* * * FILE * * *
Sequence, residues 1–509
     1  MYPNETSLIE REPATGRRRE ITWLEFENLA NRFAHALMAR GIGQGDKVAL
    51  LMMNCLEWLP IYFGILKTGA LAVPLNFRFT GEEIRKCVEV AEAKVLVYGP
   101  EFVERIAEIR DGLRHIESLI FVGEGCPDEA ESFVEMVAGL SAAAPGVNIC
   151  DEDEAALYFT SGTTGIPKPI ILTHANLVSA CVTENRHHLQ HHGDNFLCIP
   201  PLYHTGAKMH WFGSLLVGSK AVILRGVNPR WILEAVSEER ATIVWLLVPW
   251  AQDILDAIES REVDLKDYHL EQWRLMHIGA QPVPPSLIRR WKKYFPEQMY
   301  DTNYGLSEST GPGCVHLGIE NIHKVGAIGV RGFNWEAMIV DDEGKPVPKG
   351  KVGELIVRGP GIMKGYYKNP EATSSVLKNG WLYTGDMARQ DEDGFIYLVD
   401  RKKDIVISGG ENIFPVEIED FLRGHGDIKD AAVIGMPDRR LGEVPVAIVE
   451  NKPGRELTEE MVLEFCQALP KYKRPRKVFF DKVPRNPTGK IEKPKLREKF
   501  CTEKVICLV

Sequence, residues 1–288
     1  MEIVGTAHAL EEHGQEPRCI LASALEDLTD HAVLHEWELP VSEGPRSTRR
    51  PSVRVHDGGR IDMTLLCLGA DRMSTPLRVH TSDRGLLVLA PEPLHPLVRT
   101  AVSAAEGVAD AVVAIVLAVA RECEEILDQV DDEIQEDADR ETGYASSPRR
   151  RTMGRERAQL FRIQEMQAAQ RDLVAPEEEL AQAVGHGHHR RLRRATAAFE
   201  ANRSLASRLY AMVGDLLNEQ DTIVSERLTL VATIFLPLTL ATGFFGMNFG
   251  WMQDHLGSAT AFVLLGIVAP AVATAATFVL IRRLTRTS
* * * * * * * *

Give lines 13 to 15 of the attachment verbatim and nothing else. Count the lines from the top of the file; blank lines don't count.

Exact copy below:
Sequence, residues 1–288
     1  MEIVGTAHAL EEHGQEPRCI LASALEDLTD HAVLHEWELP VSEGPRSTRR
    51  PSVRVHDGGR IDMTLLCLGA DRMSTPLRVH TSDRGLLVLA PEPLHPLVRT